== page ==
In what has become a tale of two cities, the nearly
8,500 recently water-damaged historic books from the
George Peabody Library continue their restoration
process in an upstate New York facility, while back in
Baltimore the Mount Vernon Place library itself is
undergoing a large-scale dehumidification procedure in an
effort to "stabilize" the environment.
The book damage resulted from a blocked drain in an
air conditioning system that caused a dispersion of
condensed water across the ceiling and down through five
floors of the library earlier this month. From the sixth
floor to the second floor, the stacks of tightly packed
books on the eastern side of the library were subjected to
a "slow and steady trickling of water" for what is
speculated to have been a two-day period, according to
Sonja Jordan, director of preservation for the
Libraries, which encompass the Milton S. Eisenhower
Library and its collections at the Albert D. Hutzler
Reading Room in Gilman Hall, the John Work Garrett Library
at Evergreen House and the George Peabody Library at Mt.
Library maintenance staff uncovered the accident in
the early morning of Aug. 4. The library has been closed
for renovations since June 2002 and is scheduled to be
reopened in February 2004.
Once the source of the water seepage was identified,
university staff moved quickly to assess the extent of the
damage and to save the books from further harm. Jordan said
that most of the visible damage was to the books' spines
and tails because some of the water had puddled on the
shelves, causing it to be wicked up from the bottom of the
Document Reprocessors, a book and document restoration
company in Middlesex, N.Y., was contacted and quickly
dispatched two freezer trucks to Baltimore. The damaged
volumes were packed into boxes, shrink-wrapped and loaded
onto the trucks for overnight delivery to the company's
treatment facility, which is near Rochester.
The damaged books include works from the 17th to 19th
centuries, including titles such as the 11-volume Works
of Hannah Moore (1853), an 18th-century two-volume set
of The Greek New Testament and a first edition of
James Baldwin's The Book-Lover: A Guide to the Best
Currently, the distressed books are being stored in a
large freezer. On Aug. 14, when the power went out in the
Rochester region, the books were not impacted because the
freezers operate on diesel fuel for just such an emergency.
In an attempt to mitigate most of the water damage,
they will next be subjected to vacuum freeze-drying, a
controlled and patented method of sublimation that prevents
the physical distortions associated with air drying.
Jordan said that the drying process is anticipated to
take a couple of weeks, and she expects that all of the
affected books will be usable for scholarly purposes once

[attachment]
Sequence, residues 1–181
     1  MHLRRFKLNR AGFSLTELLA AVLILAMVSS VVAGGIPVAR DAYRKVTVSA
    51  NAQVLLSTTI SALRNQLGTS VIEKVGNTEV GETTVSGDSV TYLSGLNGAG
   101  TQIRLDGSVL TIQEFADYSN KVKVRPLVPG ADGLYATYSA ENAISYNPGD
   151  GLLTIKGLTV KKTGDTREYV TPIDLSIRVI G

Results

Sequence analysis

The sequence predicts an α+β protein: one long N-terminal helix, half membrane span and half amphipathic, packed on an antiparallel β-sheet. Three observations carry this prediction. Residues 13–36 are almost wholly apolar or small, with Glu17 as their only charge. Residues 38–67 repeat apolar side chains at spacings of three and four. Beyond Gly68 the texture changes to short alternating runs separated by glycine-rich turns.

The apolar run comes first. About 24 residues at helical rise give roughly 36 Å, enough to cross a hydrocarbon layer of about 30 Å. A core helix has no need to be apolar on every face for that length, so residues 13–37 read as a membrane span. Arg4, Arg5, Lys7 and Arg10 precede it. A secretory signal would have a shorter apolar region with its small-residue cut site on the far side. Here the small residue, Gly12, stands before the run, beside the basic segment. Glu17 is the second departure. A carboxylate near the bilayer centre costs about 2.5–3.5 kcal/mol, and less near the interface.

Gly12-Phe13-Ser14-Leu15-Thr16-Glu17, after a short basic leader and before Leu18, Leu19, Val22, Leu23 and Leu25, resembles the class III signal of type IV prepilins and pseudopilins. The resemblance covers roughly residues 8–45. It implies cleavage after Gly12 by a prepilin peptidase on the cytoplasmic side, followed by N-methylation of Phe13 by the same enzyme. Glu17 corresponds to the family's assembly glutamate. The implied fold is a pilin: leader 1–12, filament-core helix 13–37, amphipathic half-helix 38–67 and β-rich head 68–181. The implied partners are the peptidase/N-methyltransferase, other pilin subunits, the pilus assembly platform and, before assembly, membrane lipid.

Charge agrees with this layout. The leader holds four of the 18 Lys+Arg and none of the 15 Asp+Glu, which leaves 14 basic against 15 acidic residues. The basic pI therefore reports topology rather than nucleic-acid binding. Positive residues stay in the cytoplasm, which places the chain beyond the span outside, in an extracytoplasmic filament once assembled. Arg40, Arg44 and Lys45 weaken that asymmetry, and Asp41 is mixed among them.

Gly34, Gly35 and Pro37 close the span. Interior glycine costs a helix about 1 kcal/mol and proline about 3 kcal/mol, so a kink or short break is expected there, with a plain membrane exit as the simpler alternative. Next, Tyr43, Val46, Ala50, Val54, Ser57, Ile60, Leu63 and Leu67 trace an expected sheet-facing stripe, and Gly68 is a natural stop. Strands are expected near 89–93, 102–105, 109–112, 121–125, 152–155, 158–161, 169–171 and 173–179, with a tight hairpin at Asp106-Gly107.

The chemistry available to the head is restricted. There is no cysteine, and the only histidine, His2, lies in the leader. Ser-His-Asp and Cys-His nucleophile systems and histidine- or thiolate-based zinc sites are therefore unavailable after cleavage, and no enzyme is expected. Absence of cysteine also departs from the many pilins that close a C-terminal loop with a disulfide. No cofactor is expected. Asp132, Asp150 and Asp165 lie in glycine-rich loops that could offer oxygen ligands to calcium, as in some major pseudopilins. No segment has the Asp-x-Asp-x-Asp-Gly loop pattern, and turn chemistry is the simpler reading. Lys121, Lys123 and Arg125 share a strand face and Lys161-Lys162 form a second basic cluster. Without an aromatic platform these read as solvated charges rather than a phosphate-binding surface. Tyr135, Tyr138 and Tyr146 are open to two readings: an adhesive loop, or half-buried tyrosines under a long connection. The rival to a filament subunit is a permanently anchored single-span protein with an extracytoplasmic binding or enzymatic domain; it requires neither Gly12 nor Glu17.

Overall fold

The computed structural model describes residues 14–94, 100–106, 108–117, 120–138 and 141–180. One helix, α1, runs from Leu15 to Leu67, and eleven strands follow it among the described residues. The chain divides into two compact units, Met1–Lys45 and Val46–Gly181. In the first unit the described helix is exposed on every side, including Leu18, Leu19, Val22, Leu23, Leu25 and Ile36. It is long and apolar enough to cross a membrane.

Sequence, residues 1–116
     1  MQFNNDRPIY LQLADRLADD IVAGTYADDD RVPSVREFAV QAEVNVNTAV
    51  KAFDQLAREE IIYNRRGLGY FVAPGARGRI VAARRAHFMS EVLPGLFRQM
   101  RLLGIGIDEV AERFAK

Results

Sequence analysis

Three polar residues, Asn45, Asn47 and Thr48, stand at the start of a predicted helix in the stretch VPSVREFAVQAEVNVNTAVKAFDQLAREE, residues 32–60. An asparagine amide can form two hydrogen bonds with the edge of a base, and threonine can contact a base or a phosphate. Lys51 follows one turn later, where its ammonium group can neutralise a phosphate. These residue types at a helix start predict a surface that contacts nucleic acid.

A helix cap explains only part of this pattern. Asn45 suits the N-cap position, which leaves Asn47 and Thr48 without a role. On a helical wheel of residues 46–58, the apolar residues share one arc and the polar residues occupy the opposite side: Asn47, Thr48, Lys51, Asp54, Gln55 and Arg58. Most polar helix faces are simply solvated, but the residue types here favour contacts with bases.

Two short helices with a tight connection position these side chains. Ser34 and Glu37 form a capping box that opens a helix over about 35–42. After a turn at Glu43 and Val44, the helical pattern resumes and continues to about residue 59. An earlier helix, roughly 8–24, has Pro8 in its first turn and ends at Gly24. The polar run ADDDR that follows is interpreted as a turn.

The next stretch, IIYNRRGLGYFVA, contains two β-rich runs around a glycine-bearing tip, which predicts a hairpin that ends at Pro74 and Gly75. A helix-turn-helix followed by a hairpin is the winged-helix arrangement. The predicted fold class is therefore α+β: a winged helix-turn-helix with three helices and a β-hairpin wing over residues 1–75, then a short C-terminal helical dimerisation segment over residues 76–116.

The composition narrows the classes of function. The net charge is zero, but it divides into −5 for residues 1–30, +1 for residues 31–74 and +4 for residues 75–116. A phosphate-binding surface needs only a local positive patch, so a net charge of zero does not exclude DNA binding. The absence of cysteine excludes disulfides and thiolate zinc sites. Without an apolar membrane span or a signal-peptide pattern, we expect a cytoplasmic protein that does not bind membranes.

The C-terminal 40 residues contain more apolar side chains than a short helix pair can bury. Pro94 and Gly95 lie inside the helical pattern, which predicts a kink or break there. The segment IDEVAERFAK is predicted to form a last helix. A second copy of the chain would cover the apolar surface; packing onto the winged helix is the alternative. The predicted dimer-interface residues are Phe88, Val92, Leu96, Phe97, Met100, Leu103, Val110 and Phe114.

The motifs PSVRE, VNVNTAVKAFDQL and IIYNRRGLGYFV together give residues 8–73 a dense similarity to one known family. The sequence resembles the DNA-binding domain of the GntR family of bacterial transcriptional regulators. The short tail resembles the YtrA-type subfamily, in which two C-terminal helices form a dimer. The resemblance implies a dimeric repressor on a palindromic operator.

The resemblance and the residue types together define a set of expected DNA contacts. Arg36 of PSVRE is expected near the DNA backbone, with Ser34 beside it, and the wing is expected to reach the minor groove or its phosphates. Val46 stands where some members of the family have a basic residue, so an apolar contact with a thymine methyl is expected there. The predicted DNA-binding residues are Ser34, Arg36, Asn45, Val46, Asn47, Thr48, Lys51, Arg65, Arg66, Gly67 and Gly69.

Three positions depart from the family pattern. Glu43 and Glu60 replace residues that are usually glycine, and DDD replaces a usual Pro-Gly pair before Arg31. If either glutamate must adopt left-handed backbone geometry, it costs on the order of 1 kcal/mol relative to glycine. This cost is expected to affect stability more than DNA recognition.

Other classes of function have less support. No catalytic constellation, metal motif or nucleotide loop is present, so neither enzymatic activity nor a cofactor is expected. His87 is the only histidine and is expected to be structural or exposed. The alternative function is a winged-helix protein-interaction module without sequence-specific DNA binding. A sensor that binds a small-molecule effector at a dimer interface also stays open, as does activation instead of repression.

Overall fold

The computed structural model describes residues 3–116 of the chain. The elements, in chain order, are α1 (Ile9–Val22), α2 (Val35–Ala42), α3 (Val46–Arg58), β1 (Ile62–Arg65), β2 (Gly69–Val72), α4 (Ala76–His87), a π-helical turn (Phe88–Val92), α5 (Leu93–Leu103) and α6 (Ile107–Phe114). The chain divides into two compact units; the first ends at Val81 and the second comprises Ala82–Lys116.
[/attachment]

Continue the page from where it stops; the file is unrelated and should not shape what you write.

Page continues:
again, although some books will show signs of water damage
and be downgraded in collector's value.
Due to the volume of books damaged, however, Jordan
said it is hard to know precisely when the books will
"Because we want to be able to return them to the
shelf exactly as they were pulled, we will wait until the
freeze-drying process is done for all 8,000-plus volumes,"
said Jordan, adding that the books were packed in the same
order as they rested on the stacks. "All I can say for
certain is that we'll bring them home as soon as we
The Timonium, Md., disaster restoration firm PBI,
formerly known as Popowski Bros., last week began work to
remove the ambient humidity from the library by pumping in
warm, dry air through massive hoses.
"We have to do this; otherwise you get mold growth and
a variety of other problems," Jordan said. "Once we removed
the items at risk, our goal was to bring the environment
back to a stable condition, and that is what [PBI is] doing
now. They are lowering the relative humidity, which was in
the upper 60s but now is in the low 50s. For a mixed
collection of book types such as this, we are looking to
achieve a temperature between 68 and 72 degrees and a
relative humidity from 35 to 50 percent."
Jordan said her staff have performed random sample
tests on the rest of the library's collection, and those
books, she said, are "all responding beautifully."
Jordan, who joined Johns Hopkins on July 1, said it's
been a very eventful beginning to her second month of work.
Once word of the accident appeared in her friends' and
family's local papers, Jordan said she began to get flooded
"They all said, 'Welcome aboard. We're glad you were
there,' " said Jordan, whose 18-year professional career
includes being head of special collections and preservation
at the Chicago Public Library and at the University of Notre
Jordan said that the Johns Hopkins staff's handling of
the event was a text-book response.
"Given that no accident is a happy situation,
considering what could have happened, I'm extremely happy
and feel fortunate that the water damage sustained was not
larger, because it easily could have been," she said. "All
the necessary departments, units and individuals worked
together very well to bring all the parts together and deal
with this incident in a timely, efficient fashion. I don't
think there was any lost time at all. I'm very happy with
the response; it allowed us to grow and practice what we
The Peabody Library was founded in 1857 by
philanthropist George Peabody and has been part of the
Milton S. Eisenhower Library since 1982. Renowned for its
architectural interior, the library has an atrium-style
reading room with five tiers of ornamental cast-iron
balconies that rise dramatically to the skylight 61 feet
above the floor. Its noncirculating collection contains
approximately 300,000 volumes, most of which date from the
18th to the early 20th centuries.
Maintaining the provisions of Peabody's original gift,
the library is open to the public.